Monday, August 13, 2018

Consequences of Whiplash

Among the common sequelae of an acceleration / deceleration injury (whiplash), including pain, are a feeling of weakness in the neck, temporary loss of the cervical curve, and development of thoracic outlet syndrome (TOS).
These may not be immediately noticeable, but may appear slowly following the injury.
A feeling of weakness after this trauma is normal, and often the patient is given a foam neck brace, which helps support the head and relieve the cervical muscles.
Loss or straightening of the normal, forward-facing, cervical curve commonly appears on lateral X-ray, and may persist over months or even years. Proper rehabilitation, including chiropractic adjustments, can help restore the curve.
Numbness or tingling or pain down the arms or hands may develop after this trauma as the nerves exiting the spine in the cervical region become impinged between cervical muscles or in passage under the collarbone. This is called thoracic outlet syndrome. Resolution of TOS can take time, but is assisted by precise chiropractic adjustments, proper stretches, postural corrections, and focused soft tissue therapy.  

Monday, August 6, 2018

Shoulders Rolled Forward

 This is a common component, along with head-forward postures, of what’s called an upper thoracic kyphosis. The upper part of the back, and the shoulders and neck, become bent forward and over. In advanced stages, as with some elders, the condition has become so chronic it becomes impossible to straighten up. 
Strain on the neck and upper back, discomfort, compression of the anterior chest and lungs, shortening of the anterior cervical muscles, and medially rotated upper humerus (bone in the upper arm that articulates at the shoulder) are some of the results.
Early awareness and proaction can prevent this. Be aware of your posture---if you find your head is out in front of the center of gravity of your body, gently bring it back. If you spend lots of time on a computer, take frequent breaks to stretch, bring your shoulders back, roll and drop them to release tension.
An excellent stretch that counteracts development of this condition is simple and easy. Find and face into a corner, place your hands on the wall, keep your head up, and lean in. The stretch to the front of your chest and shoulders feels great! Change the height of your hands, and notice how you feel the stretch in different parts of your upper body. 
Sometimes this stretch is advised in a doorway, but I caution that it’s better to do it in a corner. You will be much less likely to lose your balance and overstretch.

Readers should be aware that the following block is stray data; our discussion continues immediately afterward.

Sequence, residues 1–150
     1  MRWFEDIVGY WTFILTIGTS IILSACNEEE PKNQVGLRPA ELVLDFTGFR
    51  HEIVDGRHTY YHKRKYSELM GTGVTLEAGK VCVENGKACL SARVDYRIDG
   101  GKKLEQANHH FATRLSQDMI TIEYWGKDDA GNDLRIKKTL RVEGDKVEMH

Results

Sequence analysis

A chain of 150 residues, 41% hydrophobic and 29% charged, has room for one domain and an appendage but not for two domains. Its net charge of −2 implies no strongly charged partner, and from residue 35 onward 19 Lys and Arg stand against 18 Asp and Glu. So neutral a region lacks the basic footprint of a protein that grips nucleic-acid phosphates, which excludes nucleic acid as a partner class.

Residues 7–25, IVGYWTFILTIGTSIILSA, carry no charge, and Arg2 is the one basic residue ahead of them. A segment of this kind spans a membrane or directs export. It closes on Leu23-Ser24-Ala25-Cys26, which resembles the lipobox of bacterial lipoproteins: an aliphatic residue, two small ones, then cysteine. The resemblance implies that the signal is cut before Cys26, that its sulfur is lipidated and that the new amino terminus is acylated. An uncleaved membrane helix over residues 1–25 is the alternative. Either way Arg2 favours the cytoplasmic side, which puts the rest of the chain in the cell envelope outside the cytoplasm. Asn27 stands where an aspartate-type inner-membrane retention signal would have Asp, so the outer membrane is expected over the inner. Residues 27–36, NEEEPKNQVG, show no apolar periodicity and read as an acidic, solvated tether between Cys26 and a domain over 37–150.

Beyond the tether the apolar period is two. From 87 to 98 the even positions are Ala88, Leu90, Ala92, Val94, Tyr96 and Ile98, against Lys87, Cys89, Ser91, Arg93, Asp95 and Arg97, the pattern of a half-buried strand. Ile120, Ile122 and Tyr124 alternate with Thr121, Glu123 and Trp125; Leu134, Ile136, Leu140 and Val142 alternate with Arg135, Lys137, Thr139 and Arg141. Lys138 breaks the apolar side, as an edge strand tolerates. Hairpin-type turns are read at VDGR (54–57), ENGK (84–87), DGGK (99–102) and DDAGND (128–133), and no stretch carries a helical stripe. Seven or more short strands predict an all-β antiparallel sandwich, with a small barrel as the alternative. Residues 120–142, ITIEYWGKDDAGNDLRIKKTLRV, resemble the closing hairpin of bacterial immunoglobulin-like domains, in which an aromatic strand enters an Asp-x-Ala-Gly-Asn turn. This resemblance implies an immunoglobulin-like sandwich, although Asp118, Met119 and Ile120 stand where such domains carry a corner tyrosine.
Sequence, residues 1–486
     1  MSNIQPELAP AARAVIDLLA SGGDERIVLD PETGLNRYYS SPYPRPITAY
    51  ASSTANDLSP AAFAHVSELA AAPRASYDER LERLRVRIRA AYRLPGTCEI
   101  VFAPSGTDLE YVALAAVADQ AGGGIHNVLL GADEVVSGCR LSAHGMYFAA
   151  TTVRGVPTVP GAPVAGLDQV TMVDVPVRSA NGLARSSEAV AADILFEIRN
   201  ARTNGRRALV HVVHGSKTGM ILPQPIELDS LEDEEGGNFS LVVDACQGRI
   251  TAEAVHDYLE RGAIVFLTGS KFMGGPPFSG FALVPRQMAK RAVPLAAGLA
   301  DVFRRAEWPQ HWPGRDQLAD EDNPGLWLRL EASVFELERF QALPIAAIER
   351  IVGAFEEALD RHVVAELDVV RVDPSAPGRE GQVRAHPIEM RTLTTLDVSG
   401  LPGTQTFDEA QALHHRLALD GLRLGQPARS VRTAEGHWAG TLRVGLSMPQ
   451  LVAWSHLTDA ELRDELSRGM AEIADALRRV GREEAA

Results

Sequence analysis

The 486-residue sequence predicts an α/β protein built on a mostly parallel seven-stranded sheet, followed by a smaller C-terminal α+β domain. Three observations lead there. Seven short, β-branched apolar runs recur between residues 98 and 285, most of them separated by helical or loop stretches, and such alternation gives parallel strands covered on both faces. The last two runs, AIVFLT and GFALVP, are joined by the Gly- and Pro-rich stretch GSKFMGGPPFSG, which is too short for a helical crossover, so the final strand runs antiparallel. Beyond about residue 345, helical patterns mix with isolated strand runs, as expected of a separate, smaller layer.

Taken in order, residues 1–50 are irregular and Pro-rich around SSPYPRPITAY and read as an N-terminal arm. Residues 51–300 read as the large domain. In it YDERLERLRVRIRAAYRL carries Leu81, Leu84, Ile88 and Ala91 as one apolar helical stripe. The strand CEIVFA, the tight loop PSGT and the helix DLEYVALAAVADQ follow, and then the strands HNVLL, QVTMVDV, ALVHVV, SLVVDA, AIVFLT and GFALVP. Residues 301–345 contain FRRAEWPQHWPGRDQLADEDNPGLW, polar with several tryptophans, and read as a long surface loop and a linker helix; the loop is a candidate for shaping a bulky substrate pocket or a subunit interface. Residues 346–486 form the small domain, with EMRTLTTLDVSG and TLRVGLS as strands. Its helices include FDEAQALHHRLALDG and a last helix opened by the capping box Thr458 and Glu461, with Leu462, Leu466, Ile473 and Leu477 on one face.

Appropriate chiropractic adjustments help prevent the condition, as well. As an Activator doctor, I have precise, comfortable protocols for aligning and balancing the upper body. 

Monday, July 30, 2018

Medicare & Exercises

     Your Chiropractor may give you exercises or stretches to facilitate your healing and help keep your condition from recurring.
     Since for Chiropractic care, Medicare only pays for adjusting the spine, they will not reimburse for exercises, so the Medicare patient must pay for this often essential adjunct to their Chiropractic adjustments.
     The profession of Chiropractic is working with Medicare to change this, and hopefully, in the not-too-distant future, Medicare will agree to pay for this important part of a treatment plan.

Monday, July 23, 2018

Tight Psoas

     The psoas is a major postural muscle which attaches to the lumbar vertebrae and goes diagonally down and out to attach at the hip to the trochanter, or upper part of the femur.
     If the psoas is in spasm, it can pull the pelvic girdle into distortion, causing a short leg, and a myriad of other problems. 
     The spasm and resultant distortion cause discomfort, and can impact the gait.
     With my Activator instrument, I can correct the distortion, and reset the tension in the psoas. Then I'll show the patient how to stretch the psoas muscle at home on their own to help keep this from happening again.

Monday, July 16, 2018

Headache "Scrunch"

     Chronic extension of the neck---leaning the head backward---for example, to better see a computer screen when wearing bifocals or graduated corrective lenses---is a common cause of headaches. 
     It causes tension in the suboccipital muscles along the base of the skull, compression at the occiput, and can result in an upward tilt of the posterior part of the C2 vertebra.
     This combination is a reliable headache producer.
     Watch out for this posture, and if you do get in trouble because of it, my gentle, precise adjustments with Activator Chiropractic Method can correct the area and bring relief.